This is our second Tribe Spotlight where we feature the successes, struggles, insights, and hopefully game footage from Read & React coaches. This spotlight comes from Ed Hammersmith in Overland Park, Kansas. Here’s what Coach Hammersmith (coachEd in the forum) has to say. If you want your team spotlighted or you just want to show off some of your game footage, send me an email at firstname.lastname@example.org and we’ll try to set it up.
I started teaching the R&R to my 6th grade AAU (11U) girls team November of 2009. I had concerns that there wouldn’t be enough practice time to drill the “Layers” to the degree they needed to be drilled in order for the girls to learn them, but I ultimately decided to give it a shot and keep it simple.
Read & React v. Zone
Read & React v. Press
Read & React 5 OUT Scrimmage
This is what I learned from that first year:
First, I needed to down size everything!
I figured if I was going to commit a good majority of practice time to the R&R, then some things had to go. I kept one press offense, one offense (R&R) vs. man to man, two zone sets (more on that later), and I cut our inbounds sets to 4.
I have to be honest, this was going to be a big change for me. I was venturing out of my 20-year coaching comfort zone.
Why change now?
Basically, my frustration with kids standing and watching a player dribble. No one moved or knew what to do once the offense broke down. I went looking for a simple motion offense that I could teach to 6th graders. That’s when I found the R&R.
I have to admit, it was love at first sight. And, I’m pretty sure my wife isn’t that thrilled I discovered it. I have spent a great deal of time watching the R&R DVDs and studying game footage to determine what the “gaps” in my teaching processes were and what I needed to work on more. No doubt, that process has made me a better coach this past year.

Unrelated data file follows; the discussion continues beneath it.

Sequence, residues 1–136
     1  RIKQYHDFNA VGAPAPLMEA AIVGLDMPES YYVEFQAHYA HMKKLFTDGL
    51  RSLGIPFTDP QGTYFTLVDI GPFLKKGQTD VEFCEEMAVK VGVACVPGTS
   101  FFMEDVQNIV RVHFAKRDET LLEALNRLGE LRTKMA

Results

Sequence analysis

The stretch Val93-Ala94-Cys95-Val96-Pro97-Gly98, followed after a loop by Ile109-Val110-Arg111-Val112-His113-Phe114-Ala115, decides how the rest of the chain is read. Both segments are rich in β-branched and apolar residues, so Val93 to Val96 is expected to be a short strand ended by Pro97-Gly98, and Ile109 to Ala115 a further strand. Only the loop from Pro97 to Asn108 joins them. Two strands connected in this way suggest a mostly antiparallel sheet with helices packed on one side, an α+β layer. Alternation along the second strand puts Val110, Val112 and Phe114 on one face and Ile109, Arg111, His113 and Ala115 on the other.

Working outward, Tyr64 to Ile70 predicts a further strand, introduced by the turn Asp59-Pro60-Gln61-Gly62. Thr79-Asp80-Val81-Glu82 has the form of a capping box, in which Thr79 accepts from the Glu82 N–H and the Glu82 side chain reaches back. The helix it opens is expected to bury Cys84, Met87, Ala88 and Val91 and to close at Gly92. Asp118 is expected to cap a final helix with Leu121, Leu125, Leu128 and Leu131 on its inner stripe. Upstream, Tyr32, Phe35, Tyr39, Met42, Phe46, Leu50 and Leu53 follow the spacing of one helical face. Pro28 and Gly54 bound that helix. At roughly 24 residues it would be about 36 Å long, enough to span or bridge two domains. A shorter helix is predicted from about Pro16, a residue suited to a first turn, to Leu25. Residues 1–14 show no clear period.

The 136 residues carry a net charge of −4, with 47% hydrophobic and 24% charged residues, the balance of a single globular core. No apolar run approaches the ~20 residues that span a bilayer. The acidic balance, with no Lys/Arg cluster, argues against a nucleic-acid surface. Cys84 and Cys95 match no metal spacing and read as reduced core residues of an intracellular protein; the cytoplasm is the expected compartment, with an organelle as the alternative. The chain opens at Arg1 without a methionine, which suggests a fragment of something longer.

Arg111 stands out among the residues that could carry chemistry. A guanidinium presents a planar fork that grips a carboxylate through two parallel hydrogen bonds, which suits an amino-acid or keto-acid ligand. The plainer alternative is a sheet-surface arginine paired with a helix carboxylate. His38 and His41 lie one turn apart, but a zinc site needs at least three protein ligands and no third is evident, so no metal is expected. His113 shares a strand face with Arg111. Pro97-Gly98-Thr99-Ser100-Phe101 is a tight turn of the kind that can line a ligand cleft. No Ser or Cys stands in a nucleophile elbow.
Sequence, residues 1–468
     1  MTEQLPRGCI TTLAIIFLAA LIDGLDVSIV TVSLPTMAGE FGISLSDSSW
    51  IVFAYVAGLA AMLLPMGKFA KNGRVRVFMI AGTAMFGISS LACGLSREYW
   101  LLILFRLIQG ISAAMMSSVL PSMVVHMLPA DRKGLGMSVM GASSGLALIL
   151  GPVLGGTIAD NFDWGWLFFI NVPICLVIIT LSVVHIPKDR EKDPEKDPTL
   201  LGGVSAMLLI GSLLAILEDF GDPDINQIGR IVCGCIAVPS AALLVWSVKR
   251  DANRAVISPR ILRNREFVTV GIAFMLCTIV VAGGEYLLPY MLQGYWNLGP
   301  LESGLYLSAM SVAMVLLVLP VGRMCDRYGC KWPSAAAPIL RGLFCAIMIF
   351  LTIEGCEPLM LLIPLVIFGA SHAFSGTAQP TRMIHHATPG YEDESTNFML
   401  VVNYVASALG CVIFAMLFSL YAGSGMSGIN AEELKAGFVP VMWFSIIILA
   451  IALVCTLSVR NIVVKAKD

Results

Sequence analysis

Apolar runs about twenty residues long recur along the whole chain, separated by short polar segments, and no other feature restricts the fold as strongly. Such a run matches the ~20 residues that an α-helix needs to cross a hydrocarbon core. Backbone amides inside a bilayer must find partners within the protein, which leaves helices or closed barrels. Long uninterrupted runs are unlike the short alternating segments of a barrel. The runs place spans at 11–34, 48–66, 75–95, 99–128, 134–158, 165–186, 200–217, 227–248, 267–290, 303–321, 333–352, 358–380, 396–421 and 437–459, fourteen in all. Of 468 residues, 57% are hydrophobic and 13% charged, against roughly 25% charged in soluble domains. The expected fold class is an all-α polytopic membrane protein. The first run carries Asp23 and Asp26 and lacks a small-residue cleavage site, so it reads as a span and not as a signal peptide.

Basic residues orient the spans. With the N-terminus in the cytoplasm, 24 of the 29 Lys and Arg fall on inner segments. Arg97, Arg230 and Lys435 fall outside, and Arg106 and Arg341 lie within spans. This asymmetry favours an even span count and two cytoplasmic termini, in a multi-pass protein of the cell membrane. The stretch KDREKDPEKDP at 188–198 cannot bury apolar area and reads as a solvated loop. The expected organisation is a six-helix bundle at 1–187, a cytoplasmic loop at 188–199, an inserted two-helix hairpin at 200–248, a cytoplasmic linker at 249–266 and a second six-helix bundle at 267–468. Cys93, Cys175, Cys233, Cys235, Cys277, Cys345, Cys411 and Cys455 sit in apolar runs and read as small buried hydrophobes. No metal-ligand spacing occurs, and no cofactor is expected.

Here was last year’s plan:
First six weeks:
We started with Circle Movement, added Post Slides, Pass & Cut, Dribble-At, Baseline Adjustment, and touched on Post Screens. We added one of those layers each week.
Next six weeks:
Drill, Drill, Drill!
It’s a real challenge for me with only 2-4 hours a week to practice, but this is the template I tried to follow:
• 40-60 minutes handling the ball every practice.
• 60 minutes drilling the layers.
• 15 minutes reviewing inbound plays and press offense.
Over the next several months, I incorporated more shooting drills into the R&R drills.
And the Results:
No, we weren’t perfect. My goals were to get the kids to develop good instincts, move without the ball, and better understand the game and how to play it. I believe my kids will develop better basketball skills over the next couple years because of the R&R. Our man to man defense has improved by leaps and bounds year simply because of how we move in practice.
Our first year with the R&R, we finished 77-10. Half of our wins…and half of our losses were to 7/8th grade teams. And, we won 15 of the 20 tournaments we played in. We finished 5-2, 11th place at the AAU National Tournament this past June in Franklin, TN. Considering we only practice 2-4 hours per week, I think we did ok.
Now, with those experiences under our belts as 6th graders, what to do as 7th graders? Here are my ideas for this coming season.
I found last year that teams didn’t play us man to man very often or for very long when they did. I used two different set zone offenses and was successful with them, but this year, I’m taking another step in “letting go” of more of my structured offenses. I’m also throwing out the structured press offense and using the R&R principals in its place. Oh, the inbounds will be R&R as well. I plan to keep a couple for those last second timeout inbound plays, but other than those, we’re going 100% Read & React.
And, here’s the new plan:
First Month: 4-6 hours of practice each week
• 4-5 hours of drilling layers.
• 1 hour working on skill development.
• Teaching, Post Pass & Cut, Power Dribble, Ball Screen, and the one I’m most excited about… Pin and Skip. I have 5 kids that can shoot it and this should really help get those kids more shots.
Second Month: 4-6 hours practice a week.
• 3-4 hours of drilling layers.
• 2 hours working on skill development.
Third & Fourth Month: 2 hours practice a week.
• 1 hour on layer drills.
• 1 hour on skill work.
From there, I’m going to evaluate weaknesses and plan the next three months.